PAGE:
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Nov. 30, 2022

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Former Golden Skate site proposed as 2nd supported homeless community

City of Vancouver purchased property on central Fourth Plain in 2015

By , Columbian staff writer
Published:

The city of Vancouver proposed Monday to select the former Golden Skate property as the location for its second supportive community for people experiencing homelessness.

In 2015, Vancouver purchased the former roller rink, at 4915 E. Fourth Plain Blvd., to use as a part of its Operations Center. The city demolished the building and now uses the bare ground for parking and storage.

Property owners, residents and businesses within 1,200 feet of the proposed location have been notified of the proposal.

There will be two virtual community information sessions during the comment period, where city staff will answer questions and share their prospects for the site. They are from 7-8:30 p.m. on Feb. 22 and 4-5:30 p.m. Feb. 24. Attendees can access the virtual town hall through a computer or phone but must register online at cityofvancouver.us/cis or by calling 360-487-8616.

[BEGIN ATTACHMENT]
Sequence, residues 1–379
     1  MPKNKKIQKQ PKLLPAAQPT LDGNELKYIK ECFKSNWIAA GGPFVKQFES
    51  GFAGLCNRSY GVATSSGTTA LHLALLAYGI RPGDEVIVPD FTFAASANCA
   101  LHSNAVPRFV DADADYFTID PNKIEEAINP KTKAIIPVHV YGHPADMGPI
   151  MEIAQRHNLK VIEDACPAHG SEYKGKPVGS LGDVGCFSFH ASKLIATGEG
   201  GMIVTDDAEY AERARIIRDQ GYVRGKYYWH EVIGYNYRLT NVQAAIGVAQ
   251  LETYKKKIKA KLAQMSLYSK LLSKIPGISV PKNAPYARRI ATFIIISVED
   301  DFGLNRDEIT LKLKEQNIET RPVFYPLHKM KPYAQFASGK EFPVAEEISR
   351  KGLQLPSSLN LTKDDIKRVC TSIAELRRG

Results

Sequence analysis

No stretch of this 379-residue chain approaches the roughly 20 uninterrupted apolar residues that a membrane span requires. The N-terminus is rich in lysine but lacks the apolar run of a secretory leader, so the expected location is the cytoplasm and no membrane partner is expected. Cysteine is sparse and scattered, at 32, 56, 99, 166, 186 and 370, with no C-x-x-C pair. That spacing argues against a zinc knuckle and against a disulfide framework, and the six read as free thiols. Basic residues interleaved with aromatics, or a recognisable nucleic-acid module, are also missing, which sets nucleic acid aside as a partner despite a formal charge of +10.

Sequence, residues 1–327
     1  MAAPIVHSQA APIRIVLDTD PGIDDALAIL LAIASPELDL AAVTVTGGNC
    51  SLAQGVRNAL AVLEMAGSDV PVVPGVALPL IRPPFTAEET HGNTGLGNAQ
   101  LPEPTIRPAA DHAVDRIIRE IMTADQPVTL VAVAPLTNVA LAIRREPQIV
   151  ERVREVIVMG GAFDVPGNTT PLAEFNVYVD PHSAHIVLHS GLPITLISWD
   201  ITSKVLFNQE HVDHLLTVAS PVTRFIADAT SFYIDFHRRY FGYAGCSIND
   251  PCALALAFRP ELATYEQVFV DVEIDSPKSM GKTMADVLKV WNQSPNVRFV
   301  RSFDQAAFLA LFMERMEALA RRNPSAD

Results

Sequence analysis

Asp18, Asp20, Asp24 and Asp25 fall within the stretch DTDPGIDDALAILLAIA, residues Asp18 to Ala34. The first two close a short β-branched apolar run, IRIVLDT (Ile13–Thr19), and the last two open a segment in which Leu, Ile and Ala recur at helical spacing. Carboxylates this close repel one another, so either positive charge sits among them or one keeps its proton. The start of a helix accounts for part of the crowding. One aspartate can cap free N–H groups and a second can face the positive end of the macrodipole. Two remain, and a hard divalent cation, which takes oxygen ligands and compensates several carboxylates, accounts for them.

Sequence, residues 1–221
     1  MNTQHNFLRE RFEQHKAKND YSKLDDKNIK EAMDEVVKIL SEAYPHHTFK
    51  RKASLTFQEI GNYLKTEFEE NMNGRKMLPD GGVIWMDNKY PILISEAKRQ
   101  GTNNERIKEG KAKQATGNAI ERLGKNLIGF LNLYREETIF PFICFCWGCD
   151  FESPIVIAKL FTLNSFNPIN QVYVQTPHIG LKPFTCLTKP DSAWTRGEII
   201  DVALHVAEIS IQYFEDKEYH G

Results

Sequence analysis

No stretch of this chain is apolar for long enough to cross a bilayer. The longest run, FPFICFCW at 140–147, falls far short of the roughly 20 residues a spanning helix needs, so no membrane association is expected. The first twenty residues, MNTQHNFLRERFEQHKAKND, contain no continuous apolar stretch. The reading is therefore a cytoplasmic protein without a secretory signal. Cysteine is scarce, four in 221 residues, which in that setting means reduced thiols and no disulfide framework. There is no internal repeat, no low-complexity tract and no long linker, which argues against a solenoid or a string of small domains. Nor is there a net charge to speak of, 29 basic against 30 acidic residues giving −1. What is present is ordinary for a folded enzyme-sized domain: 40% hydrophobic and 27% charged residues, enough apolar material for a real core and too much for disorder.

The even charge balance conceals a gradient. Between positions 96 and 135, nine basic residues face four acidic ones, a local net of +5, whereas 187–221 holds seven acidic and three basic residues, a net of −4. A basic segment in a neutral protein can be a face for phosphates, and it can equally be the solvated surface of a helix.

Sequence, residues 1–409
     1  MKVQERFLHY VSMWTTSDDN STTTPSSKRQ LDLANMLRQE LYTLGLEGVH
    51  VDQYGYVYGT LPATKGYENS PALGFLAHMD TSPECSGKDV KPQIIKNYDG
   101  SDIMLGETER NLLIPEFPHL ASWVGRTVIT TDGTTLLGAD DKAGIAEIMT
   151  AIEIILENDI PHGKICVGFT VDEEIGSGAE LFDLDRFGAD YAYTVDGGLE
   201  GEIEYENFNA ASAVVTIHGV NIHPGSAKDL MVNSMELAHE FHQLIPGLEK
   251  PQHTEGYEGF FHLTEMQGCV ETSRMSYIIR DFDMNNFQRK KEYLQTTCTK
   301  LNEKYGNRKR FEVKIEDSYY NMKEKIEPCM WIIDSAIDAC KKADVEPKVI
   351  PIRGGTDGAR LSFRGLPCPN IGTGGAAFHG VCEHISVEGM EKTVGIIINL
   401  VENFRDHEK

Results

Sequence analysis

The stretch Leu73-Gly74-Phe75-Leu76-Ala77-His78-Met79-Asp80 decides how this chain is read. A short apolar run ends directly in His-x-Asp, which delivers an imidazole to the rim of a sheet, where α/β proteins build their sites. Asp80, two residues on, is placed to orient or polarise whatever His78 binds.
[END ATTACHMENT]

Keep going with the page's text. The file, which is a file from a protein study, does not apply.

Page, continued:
Comments and questions can be submitted to an online forum on the city’s Homelessness Response Plan page at Be Heard Vancouver.

Spring opening

The second Safe Stay Community would open this spring, following public input and final approval by the Vancouver City Council.

City council voted unanimously Feb. 7 to contract with Living Hope Church as the site’s operator.

Vancouver’s Safe Stay Community is a city-led initiative to provide safe shelter to people who are working toward gaining stability. The first site opened in December at 11400 N.E. 51st Circle, in the North Image neighborhood. That site is operated by Outsiders Inn. It is staffed 24 hours per day.

The site already has observed milestones, as some of its residents secured employment, decided to go into treatment or were reunited with family members, said Jamie Spinelli, Vancouver homeless response coordinator at a Feb. 7 city council meeting.

Each Stay Safe Community provides 20 shelters that can house up to 40 people, as well as sanitation services, communal spaces and access to resources through local agencies. No unregulated camping is permitted near the community.

Council members previously commended the concept for being homelike and fostering a safe place for people to resolve their homelessness.

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